Morphologic Features of the Contralateral Femur in Patients With Unilateral Slipped Capital Femoral Epiphysis Resembles Mild Slip Deformity: A Matched Cohort Study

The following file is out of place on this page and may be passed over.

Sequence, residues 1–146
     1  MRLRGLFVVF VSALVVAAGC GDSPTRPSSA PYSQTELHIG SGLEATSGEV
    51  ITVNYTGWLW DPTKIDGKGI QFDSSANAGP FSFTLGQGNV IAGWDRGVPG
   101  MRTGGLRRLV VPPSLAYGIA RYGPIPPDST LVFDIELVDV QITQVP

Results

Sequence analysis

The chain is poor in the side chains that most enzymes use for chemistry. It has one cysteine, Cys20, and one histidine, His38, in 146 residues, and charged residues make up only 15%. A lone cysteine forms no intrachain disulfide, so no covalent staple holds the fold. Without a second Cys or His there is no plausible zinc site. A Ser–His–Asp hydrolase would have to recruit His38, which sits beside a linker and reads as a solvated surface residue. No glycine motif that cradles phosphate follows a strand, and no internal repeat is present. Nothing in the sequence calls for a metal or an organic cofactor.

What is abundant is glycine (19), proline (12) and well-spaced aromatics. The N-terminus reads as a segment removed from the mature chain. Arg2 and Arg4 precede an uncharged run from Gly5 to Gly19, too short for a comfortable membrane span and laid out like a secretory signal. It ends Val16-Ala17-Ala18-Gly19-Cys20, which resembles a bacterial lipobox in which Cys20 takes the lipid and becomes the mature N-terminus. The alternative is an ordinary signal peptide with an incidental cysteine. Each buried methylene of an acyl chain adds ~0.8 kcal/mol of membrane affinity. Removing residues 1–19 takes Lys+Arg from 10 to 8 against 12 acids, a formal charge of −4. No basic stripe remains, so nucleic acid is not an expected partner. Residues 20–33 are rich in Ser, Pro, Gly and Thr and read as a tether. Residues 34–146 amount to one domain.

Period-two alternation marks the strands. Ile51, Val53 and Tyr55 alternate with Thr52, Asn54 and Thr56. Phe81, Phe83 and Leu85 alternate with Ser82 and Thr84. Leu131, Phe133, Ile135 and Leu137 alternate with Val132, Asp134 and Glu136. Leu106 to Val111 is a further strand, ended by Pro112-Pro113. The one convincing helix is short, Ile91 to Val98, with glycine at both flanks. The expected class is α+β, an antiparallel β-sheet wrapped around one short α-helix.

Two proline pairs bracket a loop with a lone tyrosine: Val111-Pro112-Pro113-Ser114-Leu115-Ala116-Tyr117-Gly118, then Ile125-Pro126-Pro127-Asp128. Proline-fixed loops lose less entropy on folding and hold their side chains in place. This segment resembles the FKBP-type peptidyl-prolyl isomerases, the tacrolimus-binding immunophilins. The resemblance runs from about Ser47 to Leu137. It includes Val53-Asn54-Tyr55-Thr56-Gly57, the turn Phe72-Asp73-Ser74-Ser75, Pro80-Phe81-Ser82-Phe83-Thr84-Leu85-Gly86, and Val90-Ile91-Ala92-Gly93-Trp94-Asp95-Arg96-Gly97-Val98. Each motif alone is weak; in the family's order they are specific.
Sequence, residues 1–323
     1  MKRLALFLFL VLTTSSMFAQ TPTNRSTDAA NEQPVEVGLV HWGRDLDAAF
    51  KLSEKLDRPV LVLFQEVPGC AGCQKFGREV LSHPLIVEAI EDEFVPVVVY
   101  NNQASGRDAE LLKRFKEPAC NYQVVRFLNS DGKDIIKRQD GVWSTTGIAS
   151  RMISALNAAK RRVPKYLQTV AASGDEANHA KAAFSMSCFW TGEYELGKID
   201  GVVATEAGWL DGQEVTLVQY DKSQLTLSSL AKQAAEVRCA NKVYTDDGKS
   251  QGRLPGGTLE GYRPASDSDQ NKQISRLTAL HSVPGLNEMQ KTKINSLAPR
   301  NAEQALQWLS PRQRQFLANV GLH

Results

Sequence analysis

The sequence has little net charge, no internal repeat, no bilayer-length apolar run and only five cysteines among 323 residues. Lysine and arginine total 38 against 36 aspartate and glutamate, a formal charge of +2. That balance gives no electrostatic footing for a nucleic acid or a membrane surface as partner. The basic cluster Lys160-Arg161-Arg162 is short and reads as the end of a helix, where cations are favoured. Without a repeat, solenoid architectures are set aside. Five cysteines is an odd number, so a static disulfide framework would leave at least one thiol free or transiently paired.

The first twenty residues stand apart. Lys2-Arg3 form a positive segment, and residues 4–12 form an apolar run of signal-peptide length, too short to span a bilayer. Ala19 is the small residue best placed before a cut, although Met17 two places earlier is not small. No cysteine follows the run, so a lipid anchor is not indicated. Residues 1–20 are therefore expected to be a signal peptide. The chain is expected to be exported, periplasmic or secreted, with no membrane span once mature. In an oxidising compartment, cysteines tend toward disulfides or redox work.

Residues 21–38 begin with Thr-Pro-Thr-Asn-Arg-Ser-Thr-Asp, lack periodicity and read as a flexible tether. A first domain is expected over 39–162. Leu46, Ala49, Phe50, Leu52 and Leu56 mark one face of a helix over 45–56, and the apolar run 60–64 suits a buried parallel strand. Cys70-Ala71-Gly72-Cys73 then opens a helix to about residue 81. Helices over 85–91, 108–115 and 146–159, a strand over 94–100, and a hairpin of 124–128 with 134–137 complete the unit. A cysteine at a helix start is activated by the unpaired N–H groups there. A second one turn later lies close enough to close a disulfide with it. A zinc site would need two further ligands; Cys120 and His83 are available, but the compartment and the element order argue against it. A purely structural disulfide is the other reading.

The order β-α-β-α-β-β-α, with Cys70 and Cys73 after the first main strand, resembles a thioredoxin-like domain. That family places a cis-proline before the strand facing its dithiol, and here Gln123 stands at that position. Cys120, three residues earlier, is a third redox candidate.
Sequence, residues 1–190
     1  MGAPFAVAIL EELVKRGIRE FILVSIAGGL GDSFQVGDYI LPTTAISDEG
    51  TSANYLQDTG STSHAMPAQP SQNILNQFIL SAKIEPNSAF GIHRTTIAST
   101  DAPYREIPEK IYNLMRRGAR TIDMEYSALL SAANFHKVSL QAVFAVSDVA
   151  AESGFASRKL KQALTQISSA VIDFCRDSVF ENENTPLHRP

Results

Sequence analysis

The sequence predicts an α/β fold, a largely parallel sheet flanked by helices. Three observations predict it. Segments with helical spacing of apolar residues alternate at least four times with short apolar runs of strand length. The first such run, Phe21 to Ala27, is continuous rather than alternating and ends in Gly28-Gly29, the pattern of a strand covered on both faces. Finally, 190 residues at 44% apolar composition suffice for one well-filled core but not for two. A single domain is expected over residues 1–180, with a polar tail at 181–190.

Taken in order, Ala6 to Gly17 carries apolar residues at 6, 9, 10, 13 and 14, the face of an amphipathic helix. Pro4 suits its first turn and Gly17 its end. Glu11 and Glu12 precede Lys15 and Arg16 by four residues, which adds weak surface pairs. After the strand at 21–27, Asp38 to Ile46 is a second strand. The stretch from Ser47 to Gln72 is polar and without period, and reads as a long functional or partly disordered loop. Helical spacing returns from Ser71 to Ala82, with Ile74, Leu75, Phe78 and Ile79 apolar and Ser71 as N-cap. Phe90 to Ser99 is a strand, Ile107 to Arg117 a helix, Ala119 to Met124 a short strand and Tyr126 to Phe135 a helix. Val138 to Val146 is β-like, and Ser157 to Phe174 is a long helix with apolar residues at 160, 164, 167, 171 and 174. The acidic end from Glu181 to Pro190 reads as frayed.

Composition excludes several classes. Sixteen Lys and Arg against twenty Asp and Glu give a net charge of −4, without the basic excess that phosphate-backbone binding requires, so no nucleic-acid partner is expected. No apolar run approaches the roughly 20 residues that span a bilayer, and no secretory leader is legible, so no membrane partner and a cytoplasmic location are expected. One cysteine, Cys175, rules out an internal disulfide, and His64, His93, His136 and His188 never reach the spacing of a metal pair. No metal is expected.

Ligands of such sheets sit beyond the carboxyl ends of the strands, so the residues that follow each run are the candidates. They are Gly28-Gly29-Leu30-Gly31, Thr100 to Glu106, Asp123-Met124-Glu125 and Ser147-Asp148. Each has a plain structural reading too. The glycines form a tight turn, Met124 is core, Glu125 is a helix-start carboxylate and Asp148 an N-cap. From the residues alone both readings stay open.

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BackgroundHip osteoarthritis has been reported in the contralateral hip in patients who had been treated for unilateral slipped capital femoral epiphysis (SCFE) during adolescence. Although this might be related to the presence of a mild deformity, the morphologic features of the contralateral hip in unilateral SCFE remains poorly characterized.Questions/purposesDo measurements of (1) femoral head-neck concavity (α angle and femoral head-neck offset), (2) epiphyseal extension into the metaphysis (epiphyseal extension ratio and epiphyseal angle), and (3) posterior tilt of the epiphysis (epiphyseal tilt angle) differ between the contralateral asymptomatic hips of patients treated for unilateral SCFE and hips of an age- and sex-matched control population without a history of hip disease?MethodsFrom January 2005 to May 2015, 442 patients underwent surgical treatment for SCFE at our institution. Patients were included in this study if they had a pelvic CT scan and unilateral SCFE defined by pain or a limp in one hip without symptoms or obligatory external rotation with flexion in the contralateral hip and no evidence of SCFE findings on available radiographs. Seventy-two (16%) patients had a pelvic CT scan; however, 32 patients with bilateral involvement and one patient with CT imaging of inadequate quality for multiplanar reformatting were excluded. Thirty-nine control subjects were identified from a preexisting database of patients who underwent pelvic CT between January 2008 and January 2014 for assessment of abdominal pain in the setting of suspected appendicitis. Patients in the contralateral asymptomatic hip group then were matched to control subjects using a modified nearest-neighbor approach based on sex and age. Patients in the contralateral asymptomatic hip group were separated in males and females and control subjects were assigned to an appropriate sex category. Then subjects closest in age were matched with each patient. If more than one subject was available as a match for a given patient, the control subject with the closest BMI was selected. The contralateral asymptomatic hip and matched groups had 19 (49%) male patients and 20 (51%) female patients, with mean ages (± SD) of 16 (± 3) years and 16 (± 3) years, respectively (p = 0.16). Matched subjects had a mean BMI of 25 ± 4 kg/m2 and the mean BMI difference among groups was 5 ± 5 kg/m2 (p < 0.001). According to the Southwick radiographic criteria nine patients (23%) had a mild slip, 10 (26%) had a moderate slip, and 19 (49%) had severe SCFE. The α angle and femoral head-neck offset, epiphyseal extension ratio and epiphyseal angle, and epiphyseal tilt were assessed in the anterior, anterosuperior, and superior femoral planes on radially reformatted CT by one observer not involved in clinical care of the patients. Inter- and intrarater reliability were determined on 10 randomly selected hips assessed by the same observer and another observer and it was found to be excellent for all femoral measurements (intraclass correlation coefficients > 0.85). Paired t-tests were used to compare the contralateral asymptomatic hip of patients with SCFE and control hips.ResultsThe head-neck junction showed decreased concavity in the contralateral femur of patients with unilateral SCFE compared with control subjects as assessed by slightly higher mean α angle in the anterosuperior plane (51° ± 6° versus 48° ± 7°; mean difference, 2°, 95% CI, 0°-5°; p = 0.04) and slightly higher median α angle in the superior plane (45° [range 37°-72°] versus 42° [range, 36°-50°], median shift, 4° [range, 2°-5°], p < 0.001), and slightly lower head-neck offset (anterosuperior: 5 mm ± 2 mm versus 6 mm ± 2 mm, mean difference, -1mm [range, -1 mm to 0 mm], p = 0.009; superior: median, 6 mm [range, 1 mm-8 mm] versus 7 mm [range, 5 mm-9 mm]; median shift, -1 mm [range, -1 mm to 0 mm], p < 0.001). There was less epiphyseal extension in the anterosuperior plane as evidenced by lower epiphyseal extension ratio (72% ± 6% versus 75% ± 6%; p = 0.005) and higher epiphyseal angle (64° ± 7° versus 60° ± 7°; p = 0.003). The epiphysis was slightly more posteriorly tilted (anterior plane tilt: 8° ± 6° versus 5° ± 4°; p = 0.03) and more vertically oriented (superior plane tilt 11° ± 5° versus 14° ± 4°; p = 0.006) in the contralateral asymptomatic hip of patients with SCFE.ConclusionsThe contralateral femur in patients treated for unilateral SCFE shows decreased concavity of the head-neck junction assessed by a higher α angle and reduced head-neck offset compared with age- and sex-matched control subjects. Because we noted lower epiphyseal extension but a more posteriorly tilted epiphysis, the reduced concavity resembles a mild slip deformity rather than an idiopathic cam morphologic feature.Clinical RelevanceAlthough we noted a difference in the morphologic features of the head-neck junction between the two groups, the clinical significance is unclear because most differences were rather small. However, our findings suggest that the uninvolved hip in patients with unilateral SCFE may have a subtle asymptomatic cam morphologic feature that may be identified only with advanced imaging (CT or MRI). Future studies should investigate whether these morphologic changes influence development of contralateral SCFE or symptomatic femoroacetabular impingement in the contralateral hip of patients with unilateral SCFE and establish thresholds for indication of prophylactic fixation to avoid further slip and worsening of the morphologic features of the cam-femoroacetabular impingement.

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